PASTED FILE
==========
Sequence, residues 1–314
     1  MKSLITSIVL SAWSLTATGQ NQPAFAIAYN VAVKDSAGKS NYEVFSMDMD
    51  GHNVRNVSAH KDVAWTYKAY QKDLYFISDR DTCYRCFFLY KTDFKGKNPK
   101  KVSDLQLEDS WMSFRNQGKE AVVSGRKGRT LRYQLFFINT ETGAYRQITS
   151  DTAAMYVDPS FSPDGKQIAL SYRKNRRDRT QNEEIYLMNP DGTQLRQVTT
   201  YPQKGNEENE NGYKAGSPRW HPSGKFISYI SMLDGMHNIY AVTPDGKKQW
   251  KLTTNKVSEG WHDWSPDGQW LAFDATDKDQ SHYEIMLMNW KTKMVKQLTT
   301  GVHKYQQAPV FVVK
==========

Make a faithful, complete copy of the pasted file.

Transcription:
Sequence, residues 1–314
     1  MKSLITSIVL SAWSLTATGQ NQPAFAIAYN VAVKDSAGKS NYEVFSMDMD
    51  GHNVRNVSAH KDVAWTYKAY QKDLYFISDR DTCYRCFFLY KTDFKGKNPK
   101  KVSDLQLEDS WMSFRNQGKE AVVSGRKGRT LRYQLFFINT ETGAYRQITS
   151  DTAAMYVDPS FSPDGKQIAL SYRKNRRDRT QNEEIYLMNP DGTQLRQVTT
   201  YPQKGNEENE NGYKAGSPRW HPSGKFISYI SMLDGMHNIY AVTPDGKKQW
   251  KLTTNKVSEG WHDWSPDGQW LAFDATDKDQ SHYEIMLMNW KTKMVKQLTT
   301  GVHKYQQAPV FVVK